Give A Book (And Yourself) This Holiday SeasonIf reading a story is — as John Gardner said — like falling into a vivid and continuous waking dream, then is giving a book like giving someone a dream? Reviewer Alan Cheuse puzzles over the perfect books for your loved ones this year.
If reading a story is, as my dear friend the late John Gardner used to say, like falling into a vivid and continuous waking dream, then is giving a book like giving someone a dream?
Giving a book is not something we ought to do blindly. We give books to people we love because we think they will convey something about ourselves, something about the world as we see it or something about the world as we would like it to be. We only have one life to live, but we have so many lives in literature — giving a book remains an extraordinary gift.
'Katherine Anne Porter: Collected Stories and Other Writings'
Katherine Anne Porter: Collected Stories and Other Writings, by Katherine Anne Porter, hardcover, 1,100 pages
This 1,000-page volume of Katherine Anne Porter's work includes three beautiful novellas, originally published together under the title Pale Horse, Pale Rider. The novellas carry us back to the Old South, Texas and some great American cities. In Old Mortality, the main character, Miranda, takes her place as one of the most magnetic coming-of-age figures in modern American fiction. Many of Porter's passages about Miranda will linger long in your mind:
There are questions to be asked first, she thought, but who will answer them? No one, or there will be too many answers, none of them right. What is the truth, she asked herself as intently as if the question had never been asked, the truth, even about the smallest, the least important of all the things I must find out?
Passages like these affirm the literary merit of this writer, whose reputation flutters ghostlike around the brightly lit edges of America's 20th-century literary cannon.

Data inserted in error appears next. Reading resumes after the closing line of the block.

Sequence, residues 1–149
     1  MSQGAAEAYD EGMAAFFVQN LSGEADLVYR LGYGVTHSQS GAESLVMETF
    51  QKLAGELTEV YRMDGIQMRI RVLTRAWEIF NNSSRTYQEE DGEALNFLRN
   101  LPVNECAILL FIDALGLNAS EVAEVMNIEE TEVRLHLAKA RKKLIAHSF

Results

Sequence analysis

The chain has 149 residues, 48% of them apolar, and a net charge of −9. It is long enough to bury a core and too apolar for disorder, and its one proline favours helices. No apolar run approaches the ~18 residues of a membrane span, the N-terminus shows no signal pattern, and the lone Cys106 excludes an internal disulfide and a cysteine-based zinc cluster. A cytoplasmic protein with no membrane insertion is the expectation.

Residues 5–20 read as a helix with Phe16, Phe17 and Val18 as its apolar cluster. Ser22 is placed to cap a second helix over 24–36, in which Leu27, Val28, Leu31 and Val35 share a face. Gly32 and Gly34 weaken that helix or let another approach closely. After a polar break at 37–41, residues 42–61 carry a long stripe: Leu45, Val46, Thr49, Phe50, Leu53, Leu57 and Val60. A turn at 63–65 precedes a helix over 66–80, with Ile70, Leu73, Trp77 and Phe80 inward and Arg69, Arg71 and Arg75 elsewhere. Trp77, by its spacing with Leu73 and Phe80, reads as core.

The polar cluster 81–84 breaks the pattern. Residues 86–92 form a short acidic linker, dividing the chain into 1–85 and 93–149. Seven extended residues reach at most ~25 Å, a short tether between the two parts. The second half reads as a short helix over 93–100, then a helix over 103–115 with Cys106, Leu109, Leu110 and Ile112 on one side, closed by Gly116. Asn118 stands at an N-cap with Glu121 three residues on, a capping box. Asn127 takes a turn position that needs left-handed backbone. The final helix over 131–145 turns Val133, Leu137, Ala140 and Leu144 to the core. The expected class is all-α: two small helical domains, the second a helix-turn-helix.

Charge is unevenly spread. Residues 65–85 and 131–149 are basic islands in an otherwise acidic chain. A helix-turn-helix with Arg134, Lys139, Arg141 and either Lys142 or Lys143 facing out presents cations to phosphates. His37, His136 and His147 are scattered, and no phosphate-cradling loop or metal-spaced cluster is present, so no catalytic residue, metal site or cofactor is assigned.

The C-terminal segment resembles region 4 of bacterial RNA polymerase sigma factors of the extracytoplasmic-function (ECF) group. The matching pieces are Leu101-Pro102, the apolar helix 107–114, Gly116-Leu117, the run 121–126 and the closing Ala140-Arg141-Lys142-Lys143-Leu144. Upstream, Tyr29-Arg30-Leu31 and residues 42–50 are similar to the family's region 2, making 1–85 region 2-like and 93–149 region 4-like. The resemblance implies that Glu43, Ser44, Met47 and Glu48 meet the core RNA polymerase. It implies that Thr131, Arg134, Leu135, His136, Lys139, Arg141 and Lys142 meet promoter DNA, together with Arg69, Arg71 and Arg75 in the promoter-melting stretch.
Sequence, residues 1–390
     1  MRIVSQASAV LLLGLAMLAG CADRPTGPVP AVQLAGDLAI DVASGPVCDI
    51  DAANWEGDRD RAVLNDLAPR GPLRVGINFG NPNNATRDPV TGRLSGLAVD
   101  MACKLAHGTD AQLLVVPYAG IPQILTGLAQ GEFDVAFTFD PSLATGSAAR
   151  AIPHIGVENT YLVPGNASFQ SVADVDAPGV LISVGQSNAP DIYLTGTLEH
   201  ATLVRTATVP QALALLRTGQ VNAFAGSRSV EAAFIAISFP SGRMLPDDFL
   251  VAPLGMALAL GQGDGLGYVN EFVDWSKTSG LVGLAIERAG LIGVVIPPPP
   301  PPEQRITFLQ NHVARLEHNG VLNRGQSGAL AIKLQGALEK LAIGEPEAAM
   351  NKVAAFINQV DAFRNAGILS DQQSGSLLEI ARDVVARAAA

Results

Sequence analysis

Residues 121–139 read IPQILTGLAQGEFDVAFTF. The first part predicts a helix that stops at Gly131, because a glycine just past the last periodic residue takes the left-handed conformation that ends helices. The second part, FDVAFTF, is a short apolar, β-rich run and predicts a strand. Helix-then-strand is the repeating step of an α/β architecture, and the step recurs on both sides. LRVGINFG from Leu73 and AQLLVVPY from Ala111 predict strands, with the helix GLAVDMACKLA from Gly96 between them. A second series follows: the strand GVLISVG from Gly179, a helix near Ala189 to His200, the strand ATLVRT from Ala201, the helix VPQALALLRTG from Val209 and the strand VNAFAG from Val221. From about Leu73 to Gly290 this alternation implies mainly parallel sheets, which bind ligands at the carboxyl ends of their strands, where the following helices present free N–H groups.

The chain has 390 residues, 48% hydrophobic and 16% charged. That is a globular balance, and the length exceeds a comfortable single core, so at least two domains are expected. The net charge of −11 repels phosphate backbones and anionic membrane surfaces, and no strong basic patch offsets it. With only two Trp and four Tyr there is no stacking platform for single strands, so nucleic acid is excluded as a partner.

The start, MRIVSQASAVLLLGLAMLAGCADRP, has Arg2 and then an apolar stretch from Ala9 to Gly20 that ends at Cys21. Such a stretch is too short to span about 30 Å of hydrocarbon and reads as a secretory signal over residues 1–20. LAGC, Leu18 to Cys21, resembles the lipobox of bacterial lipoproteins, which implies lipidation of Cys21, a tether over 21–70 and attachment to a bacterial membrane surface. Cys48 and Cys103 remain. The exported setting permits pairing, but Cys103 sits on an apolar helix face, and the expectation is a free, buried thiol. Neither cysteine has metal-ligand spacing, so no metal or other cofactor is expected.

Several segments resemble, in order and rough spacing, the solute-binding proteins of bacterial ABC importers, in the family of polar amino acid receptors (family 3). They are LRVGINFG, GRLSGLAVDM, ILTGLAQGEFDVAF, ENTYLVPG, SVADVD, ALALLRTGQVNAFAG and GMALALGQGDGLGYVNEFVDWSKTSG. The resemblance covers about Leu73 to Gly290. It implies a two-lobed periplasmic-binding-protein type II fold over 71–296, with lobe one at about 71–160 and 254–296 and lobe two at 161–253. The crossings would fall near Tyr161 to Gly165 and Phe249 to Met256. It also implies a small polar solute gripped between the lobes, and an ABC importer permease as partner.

This collection of work by Doris Lessing features three dozen of the Nobel Prize-winner's short stories, most of them, as novelist Margaret Drabble points out in her introduction, written in the realistic tradition set by Chekhov and D.H. Lawrence.
Covering a geographic range from England to Africa (the author's home continent for most of her early years), Lessing's stories achieve a cumulative power, delivering us news about the pleasures and costs of love, marriage, politics and social life. "Through the Tunnel" is an accomplished fable about a young boy's initiation in Mediterranean waters, while "The Day Stalin Died" follows the pathos and comedy of a London writer and "To Room Nineteen" examines the effect of a single act of infidelity on a supposedly sturdy British marriage. Reading these powerful stories, you recognize that Lessing knows as much, if not more, about the modern world than just about any writer alive — and she conveys it all to us with necessary force and appropriate celerity.
Supreme Courtship, by Christopher Buckley, hardcover, 304 pages
On the lighter side of gift-giving, Christopher Buckley's timely new Washington satire Supreme Courtship follows Pepper Cartwright, "a simple girl" from Plano, Texas, who wears jeans and lizard-skin boots, stars in her own cable TV show — and happens to land a seat on the highest court of the land.
Pepper's celebrity helps her sail through a confirmation hearing, and she soon finds herself about to make a ruling on a contested presidential campaign. Whether you live in Washington state or Washington, D.C., Buckley's novel — with a dash of H.L. Mencken, a soupcon of Monty Python and more than a little splash of Peter de Vries — has a sass that will keep you engaged.
Just After Sunset, by Stephen King, hardcover, 384 pages
For the teenager in all of us, there is the new short story collection by Stephen King. Just After Sunset proves that the reigning king of American horror fiction still has what it takes to make readers race to turn on all the lights in the house and fear the ringing of a telephone.
King's stories are the Big Macs of American literature: bad for our health, but delicious to ingest. In "Stationary Bike," the author gives fast-food fare the literary treatment by weaving a tale about a commercial artist who gets into near fatal trouble because of all the burgers he devours. Another story, "The Things They Left Behind," focuses on a New York City office worker after Sept. 11. In most of these stories, King, perhaps our hardest-working contemporary magical realist, connects the banalities of the everyday world — running, a graduation ceremony, a pair of sunglasses — to a surreal and often frightening dimension.